And then extract out the feature collections.

  1. topo2geo \
  2.   < topo.json \
  3.   blockgroups=blockgroups.json \
  4.   counties=counties.json

The county features weren’t of much importance for me, so I only continued on with the blockgroups from here. Getting the blockgroups in to Google Maps and modifying the styles is a pretty easy exercise. First, load the file in to a data layer and second, style to your preference. We quantized our population densities previously based on 8 threshold values so we need 9 colors to code these values. To keep this light weight you can define an array of colors directly (ColorBrewer.com can generate these arrays for you automatically), but since I knew I would be using d3 to create a nice legend anyway I went with one of the built-in scales.

Initialize the map, load and style the json data

  1. function initMap() {
  2. 	map = new google.maps.Map(document.getElementById('map'), {
  3. 		zoom: 11,
  4. 		center: {
  5. 			lat: 45.490,
  6. 			lng: -122.715
  7. 		}
  8. 	});
  9. 	map.data.loadGeoJson(
  10. 		'blockgroups.json');
  11.  
  12. 	map.data.setStyle(function(feature) {
  13. 		var density = feature.getProperty('density');
  14. 		var colors = d3.schemeOrRd[9]
  15. 		return {
  16. 			fillColor: colors[density],
  17. 			fillOpacity: 0.7,
  18. 			strokeWeight: 1
  19. 		};
  20. 	});
  21. 	...
  22. };

Now we have a map loaded with the color-coded blockgroups. The last thing that is missing is a legend to convey what the different colors actually mean. Again, I borrowed from Mike Bostock’s California population density example. Main adjustments were to modify the values to match the thresholds I previously set, and adjust positional parameters such that the SVG created would be small enough to embed as a legend in to the Google Map (only partially successful – I’ve found that I clip the legend if viewing on mobile in portrait mode).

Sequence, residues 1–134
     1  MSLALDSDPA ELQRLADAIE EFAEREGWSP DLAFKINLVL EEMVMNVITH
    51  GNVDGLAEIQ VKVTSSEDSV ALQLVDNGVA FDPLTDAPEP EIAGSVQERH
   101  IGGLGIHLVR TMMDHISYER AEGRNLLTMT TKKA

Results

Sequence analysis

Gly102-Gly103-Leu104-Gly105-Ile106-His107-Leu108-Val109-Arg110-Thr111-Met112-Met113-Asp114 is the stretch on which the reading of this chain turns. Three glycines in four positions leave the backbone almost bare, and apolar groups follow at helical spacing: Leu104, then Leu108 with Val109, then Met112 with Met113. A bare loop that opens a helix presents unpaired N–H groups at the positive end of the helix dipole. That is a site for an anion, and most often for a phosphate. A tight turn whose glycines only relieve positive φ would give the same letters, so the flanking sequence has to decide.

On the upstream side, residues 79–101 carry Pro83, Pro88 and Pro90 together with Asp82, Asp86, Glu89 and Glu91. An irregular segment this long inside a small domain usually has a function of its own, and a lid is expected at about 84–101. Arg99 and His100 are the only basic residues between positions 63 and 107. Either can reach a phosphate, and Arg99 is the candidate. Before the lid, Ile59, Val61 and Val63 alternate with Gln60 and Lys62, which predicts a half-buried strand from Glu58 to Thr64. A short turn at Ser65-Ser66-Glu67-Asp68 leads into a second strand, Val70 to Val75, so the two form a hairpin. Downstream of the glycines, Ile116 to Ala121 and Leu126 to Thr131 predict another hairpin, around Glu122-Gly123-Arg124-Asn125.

1. <div id="legend">
  2. 	<svg width="400" height="38" id="testsvg"></svg>
  3. </div>
  4. <script>
  5. 	var svg = d3.select("svg"),
  6. 		width = +svg.attr("width"),
  7. 		height = +svg.attr("height");
  8.  
  9. 	var color = d3.scaleThreshold()
  10. 		.domain([500, 1000, 2000, 4000, 6000, 8000, 10000, 12000])
  11. 		.range(d3.schemeOrRd[9]);
  12.  
  13. 	var x = d3.scaleSqrt()
  14. 		.domain([300, 14000])
  15. 		.rangeRound([0, 400]);
  16.  
  17. 	var g = svg.append("g")
  18. 		.attr("class", "key")
  19. 		.attr("transform", "translate(0,13)");
  20.  
  21. 	g.selectAll("rect")
  22. 		.data(color.range().map(function(d) {
  23. 			d = color.invertExtent(d);
  24. 			if (d[0] == null) d[0] = x.domain()[0];
  25. 			if (d[1] == null) d[1] = x.domain()[1];
  26. 			return d;
  27. 		}))
  28. 		.enter().append("rect")
  29. 		.attr("height", 8)
  30. 		.attr("x", function(d) {
  31. 			return x(d[0]);
  32. 		})
  33. 		.attr("width", function(d) {
  34. 			return x(d[1]) - x(d[0]);
  35. 		})
  36. 		.attr("fill", function(d) {
  37. 			return color(d[0]);
  38. 		});
  39.  
  40. 	g.append("text")
  41. 		.attr("class", "caption")
  42. 		.attr("x", x.range()[0])
  43. 		.attr("y", -6)
  44. 		.attr("fill", "#000")
  45. 		.attr("text-anchor", "start")
  46. 		.attr("font-weight", "bold")
  47. 		.text("Population per square mile");
  48.  
  49. 	g.call(d3.axisBottom(x)
  50. 			.tickSize(13)
  51. 			.tickValues(color.domain()))
  52. 		.select(".domain")
  53. 		.remove();
  54. </script>

The SVG gets wrapped in to a div element, which is then provided to the Google Maps API as a new control in the initMap() function.

  1. 	var legend = document.getElementById('legend');
  2. 	map.controls[google.maps.ControlPosition.BOTTOM_RIGHT].push(legend);

See the end result here.